Olympic gold medalists Monique and Jocelyne Lamoureux launch foundation to support underprivileged children
After Monique and Jocelyne Lamoureux played starring roles in bringing the U.S. its first Olympic gold medal in women's hockey in 20 years, they've traveled the country for events.
They've gone on popular TV talk shows. They've appeared at NHL games. They've hung out with celebrities.
But perhaps none of those events resonated to the Lamoureux twins like the ones where they met with underprivileged children, gave away laptops and hooked them up to the internet as part of a Comcast-led program.
"Really seeing what underprivileged looks like around the country, what it feels like, has opened our eyes," Monique said. "How are we really going to make a difference? Yes, we are partnering with a (Comcast) program, but what are we going to do day-to-day to make a difference?"
To answer that question, they've launched the Monique and Jocelyne Lamoureux Foundation, which will be aimed at supporting underprivileged youth, primarily in education.
"Our mission is to give back to community initiatives that are important to us," Jocelyne said. "A lot of that will be geared toward kids and underprivileged youth based around education. Yes, there will be some sports aspects that will be involved in the future, but it's really about leveling the playing field.
"We grew up with a lot of opportunities that our parents provided us with. We're hoping we'll be able to give back to some initiatives that will help kids reach their full potential, whether that's in school, athletics or extracurriculars outside of athletics. That's going to be our mission."
The foundation will be primarily geared toward helping those in the state of North Dakota. According to the National Center for Children in Poverty, 30 percent of the state's children live in low-income families.
"I think a lot of people will assume we're going to gear it toward girls hockey and hockey, but for us, it's very much big picture and trying to help out in a much bigger way," Jocelyne said. "This goes so far beyond sports for us at this point."
The Lamoureux twins started kicking this idea around after the most recent Olympic Games.
It was their third Olympics and their first gold medal (they got silver in 2010 and 2014). In the gold-medal game, the Americans trailed rival Canada 2-1 late in the third period, when Monique scored on a breakaway to tie it. Then, Jocelyne scored the game-winning goal in a sudden-death shootout with a dazzling move to secure gold.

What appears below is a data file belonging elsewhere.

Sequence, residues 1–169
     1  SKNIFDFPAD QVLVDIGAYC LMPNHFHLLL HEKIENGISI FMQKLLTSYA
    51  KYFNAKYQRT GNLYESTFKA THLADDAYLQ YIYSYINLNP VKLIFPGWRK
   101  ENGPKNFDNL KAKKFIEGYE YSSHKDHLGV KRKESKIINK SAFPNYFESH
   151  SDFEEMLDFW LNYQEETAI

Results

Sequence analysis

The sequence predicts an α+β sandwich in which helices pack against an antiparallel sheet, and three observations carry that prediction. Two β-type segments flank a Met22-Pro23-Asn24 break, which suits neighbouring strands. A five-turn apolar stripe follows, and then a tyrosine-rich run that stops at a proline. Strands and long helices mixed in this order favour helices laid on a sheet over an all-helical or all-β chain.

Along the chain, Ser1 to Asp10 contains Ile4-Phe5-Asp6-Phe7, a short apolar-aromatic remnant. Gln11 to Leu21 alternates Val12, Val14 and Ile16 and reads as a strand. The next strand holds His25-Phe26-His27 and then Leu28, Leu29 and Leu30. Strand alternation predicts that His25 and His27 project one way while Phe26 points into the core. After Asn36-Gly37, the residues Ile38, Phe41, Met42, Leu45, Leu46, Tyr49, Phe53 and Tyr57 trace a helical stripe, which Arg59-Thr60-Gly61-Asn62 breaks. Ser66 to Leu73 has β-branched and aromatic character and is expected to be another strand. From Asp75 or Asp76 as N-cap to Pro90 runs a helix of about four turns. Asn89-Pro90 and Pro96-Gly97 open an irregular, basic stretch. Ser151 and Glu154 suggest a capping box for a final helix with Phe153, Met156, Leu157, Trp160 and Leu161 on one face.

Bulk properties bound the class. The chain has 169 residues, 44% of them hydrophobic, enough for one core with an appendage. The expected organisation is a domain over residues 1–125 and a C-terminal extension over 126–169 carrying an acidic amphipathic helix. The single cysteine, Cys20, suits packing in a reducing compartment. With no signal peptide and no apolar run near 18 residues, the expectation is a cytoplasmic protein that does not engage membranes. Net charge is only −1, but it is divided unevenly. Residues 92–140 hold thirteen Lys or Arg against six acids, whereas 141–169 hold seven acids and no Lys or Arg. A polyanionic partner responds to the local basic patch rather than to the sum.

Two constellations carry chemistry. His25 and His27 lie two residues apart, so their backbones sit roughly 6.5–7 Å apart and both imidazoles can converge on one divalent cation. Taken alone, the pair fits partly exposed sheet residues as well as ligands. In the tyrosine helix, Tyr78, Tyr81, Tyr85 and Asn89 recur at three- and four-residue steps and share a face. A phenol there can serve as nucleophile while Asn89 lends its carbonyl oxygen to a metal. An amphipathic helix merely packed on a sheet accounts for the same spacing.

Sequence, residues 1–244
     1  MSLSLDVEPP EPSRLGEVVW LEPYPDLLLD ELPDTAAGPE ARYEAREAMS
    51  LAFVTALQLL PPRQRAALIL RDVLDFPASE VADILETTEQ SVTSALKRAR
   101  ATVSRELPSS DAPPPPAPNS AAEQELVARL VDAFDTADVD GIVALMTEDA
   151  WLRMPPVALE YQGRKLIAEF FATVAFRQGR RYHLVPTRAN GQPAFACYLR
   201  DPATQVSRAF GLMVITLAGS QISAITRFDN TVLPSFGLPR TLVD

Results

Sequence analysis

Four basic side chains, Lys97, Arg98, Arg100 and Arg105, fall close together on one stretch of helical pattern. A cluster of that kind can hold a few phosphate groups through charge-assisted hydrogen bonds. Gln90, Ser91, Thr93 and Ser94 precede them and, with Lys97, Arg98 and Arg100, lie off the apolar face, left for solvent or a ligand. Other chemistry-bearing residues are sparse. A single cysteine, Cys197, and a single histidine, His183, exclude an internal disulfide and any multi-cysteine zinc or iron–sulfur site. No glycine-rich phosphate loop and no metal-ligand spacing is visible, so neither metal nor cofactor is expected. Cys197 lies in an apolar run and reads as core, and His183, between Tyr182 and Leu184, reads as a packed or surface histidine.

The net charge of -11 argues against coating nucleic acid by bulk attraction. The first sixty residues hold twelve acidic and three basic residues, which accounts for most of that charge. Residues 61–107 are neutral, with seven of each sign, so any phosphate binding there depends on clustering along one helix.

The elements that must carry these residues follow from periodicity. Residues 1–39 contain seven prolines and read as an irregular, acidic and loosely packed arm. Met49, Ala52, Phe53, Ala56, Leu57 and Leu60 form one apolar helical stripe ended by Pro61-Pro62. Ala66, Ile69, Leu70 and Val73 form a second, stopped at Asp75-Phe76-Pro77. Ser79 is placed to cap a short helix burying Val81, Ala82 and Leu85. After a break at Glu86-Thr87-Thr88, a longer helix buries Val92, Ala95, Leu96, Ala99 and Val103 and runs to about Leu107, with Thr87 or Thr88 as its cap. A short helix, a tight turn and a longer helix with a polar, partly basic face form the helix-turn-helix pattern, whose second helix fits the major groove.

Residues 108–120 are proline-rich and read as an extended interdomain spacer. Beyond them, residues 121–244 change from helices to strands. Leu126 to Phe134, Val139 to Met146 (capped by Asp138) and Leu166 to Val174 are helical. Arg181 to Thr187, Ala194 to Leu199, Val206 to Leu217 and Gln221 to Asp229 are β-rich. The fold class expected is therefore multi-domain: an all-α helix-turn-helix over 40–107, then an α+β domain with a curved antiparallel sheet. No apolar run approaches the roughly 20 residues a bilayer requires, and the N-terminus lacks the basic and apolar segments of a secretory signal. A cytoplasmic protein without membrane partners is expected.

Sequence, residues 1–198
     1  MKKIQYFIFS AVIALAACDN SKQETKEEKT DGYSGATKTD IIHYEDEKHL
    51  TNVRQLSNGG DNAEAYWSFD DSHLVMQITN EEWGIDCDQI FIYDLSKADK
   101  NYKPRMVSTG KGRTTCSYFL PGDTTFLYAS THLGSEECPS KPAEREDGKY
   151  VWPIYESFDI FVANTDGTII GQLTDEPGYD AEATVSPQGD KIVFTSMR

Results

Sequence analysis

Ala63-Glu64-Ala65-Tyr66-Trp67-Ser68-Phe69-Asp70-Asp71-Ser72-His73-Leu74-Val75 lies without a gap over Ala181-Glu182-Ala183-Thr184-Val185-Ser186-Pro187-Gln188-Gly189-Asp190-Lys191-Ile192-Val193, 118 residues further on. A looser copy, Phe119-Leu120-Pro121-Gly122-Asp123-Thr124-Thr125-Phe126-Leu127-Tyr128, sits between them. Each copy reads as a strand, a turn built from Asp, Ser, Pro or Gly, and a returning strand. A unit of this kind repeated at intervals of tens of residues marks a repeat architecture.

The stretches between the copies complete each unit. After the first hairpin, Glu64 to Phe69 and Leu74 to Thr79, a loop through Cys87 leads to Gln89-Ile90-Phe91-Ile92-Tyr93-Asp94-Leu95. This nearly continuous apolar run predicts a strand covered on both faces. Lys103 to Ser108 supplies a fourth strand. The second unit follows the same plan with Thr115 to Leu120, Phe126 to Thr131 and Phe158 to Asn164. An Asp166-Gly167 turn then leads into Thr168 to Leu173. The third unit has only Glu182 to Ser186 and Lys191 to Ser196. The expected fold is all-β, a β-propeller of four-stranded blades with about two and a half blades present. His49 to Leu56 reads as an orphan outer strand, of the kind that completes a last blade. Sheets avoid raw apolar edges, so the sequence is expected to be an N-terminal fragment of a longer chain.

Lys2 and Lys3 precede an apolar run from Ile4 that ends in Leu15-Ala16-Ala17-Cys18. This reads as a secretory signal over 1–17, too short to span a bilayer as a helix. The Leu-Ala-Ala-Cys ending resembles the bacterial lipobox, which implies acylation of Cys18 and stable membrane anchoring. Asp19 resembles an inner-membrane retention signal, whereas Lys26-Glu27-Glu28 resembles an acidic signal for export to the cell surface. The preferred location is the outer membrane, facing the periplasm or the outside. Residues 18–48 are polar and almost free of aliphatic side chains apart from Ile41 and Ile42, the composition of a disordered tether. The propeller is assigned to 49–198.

Because they played such a central role, their national profiles grew exponentially. They have 65,000 followers on Twitter and nearly 70,000 on Facebook.
"Trying to make a difference in a positive manner and using our platform is something we feel is important to us," Monique said. "There's an opportunity and capacity we have just because of what we've been able to do in sports. We feel compelled to leverage every opportunity we have to try to make a difference."
The Lamoureux twins, who both recently became mothers, have no plans to stop playing, either.
They are aiming at making the U.S. roster for the Four Nations tournament in November. Then, they will set their sights on the World Championship.
The Lamoureux twins said they don't believe playing sports and working as advocates for underprivileged youth are mutually exclusive. They'll do both at the same time.
As they were finalizing their foundation, they thought back to their childhood memories of participating in track and field and swimming. Their mother, Linda, told them who she cheered for: whichever kid was behind.
"I think that's something that has stuck with us and has transcended sports and permeated to other parts of our lives," Monique said. "For us, we've really taken that to heart: Cheer for the kids who might not have the same opportunity and help level the playing field, whether that's in education or sports. I think that's become our mission now."